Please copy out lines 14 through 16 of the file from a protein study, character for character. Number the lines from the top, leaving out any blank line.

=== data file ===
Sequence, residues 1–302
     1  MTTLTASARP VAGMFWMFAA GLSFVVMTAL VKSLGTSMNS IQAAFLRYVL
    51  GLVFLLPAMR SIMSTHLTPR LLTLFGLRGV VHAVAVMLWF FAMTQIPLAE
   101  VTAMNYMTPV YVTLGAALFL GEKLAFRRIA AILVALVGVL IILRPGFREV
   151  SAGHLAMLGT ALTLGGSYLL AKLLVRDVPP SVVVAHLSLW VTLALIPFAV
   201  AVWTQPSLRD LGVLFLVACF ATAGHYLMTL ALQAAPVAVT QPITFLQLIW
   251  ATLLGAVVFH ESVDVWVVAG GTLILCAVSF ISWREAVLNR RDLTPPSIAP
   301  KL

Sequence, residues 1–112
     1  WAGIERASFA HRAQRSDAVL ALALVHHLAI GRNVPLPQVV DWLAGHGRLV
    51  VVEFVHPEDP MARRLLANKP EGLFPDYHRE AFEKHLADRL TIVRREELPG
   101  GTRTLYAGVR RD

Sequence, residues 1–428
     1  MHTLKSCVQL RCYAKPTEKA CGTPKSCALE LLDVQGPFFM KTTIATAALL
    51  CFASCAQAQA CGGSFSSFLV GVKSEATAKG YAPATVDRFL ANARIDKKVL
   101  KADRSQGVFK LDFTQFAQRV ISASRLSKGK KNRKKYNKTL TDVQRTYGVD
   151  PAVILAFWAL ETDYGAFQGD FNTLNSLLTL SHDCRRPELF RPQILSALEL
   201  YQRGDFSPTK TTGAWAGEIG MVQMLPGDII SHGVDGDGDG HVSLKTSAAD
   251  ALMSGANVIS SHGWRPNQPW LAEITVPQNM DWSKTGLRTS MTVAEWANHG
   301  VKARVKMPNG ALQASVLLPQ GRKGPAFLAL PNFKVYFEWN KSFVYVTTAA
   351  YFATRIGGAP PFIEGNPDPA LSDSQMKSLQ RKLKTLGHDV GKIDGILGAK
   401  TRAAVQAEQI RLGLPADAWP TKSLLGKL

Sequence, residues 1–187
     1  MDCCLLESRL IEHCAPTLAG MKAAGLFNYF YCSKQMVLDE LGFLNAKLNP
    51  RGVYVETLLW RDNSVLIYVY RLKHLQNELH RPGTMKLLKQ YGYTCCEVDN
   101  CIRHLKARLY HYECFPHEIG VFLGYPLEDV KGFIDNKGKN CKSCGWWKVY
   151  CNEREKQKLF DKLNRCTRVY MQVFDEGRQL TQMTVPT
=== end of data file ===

     1  MHTLKSCVQL RCYAKPTEKA CGTPKSCALE LLDVQGPFFM KTTIATAALL
    51  CFASCAQAQA CGGSFSSFLV GVKSEATAKG YAPATVDRFL ANARIDKKVL
   101  KADRSQGVFK LDFTQFAQRV ISASRLSKGK KNRKKYNKTL TDVQRTYGVD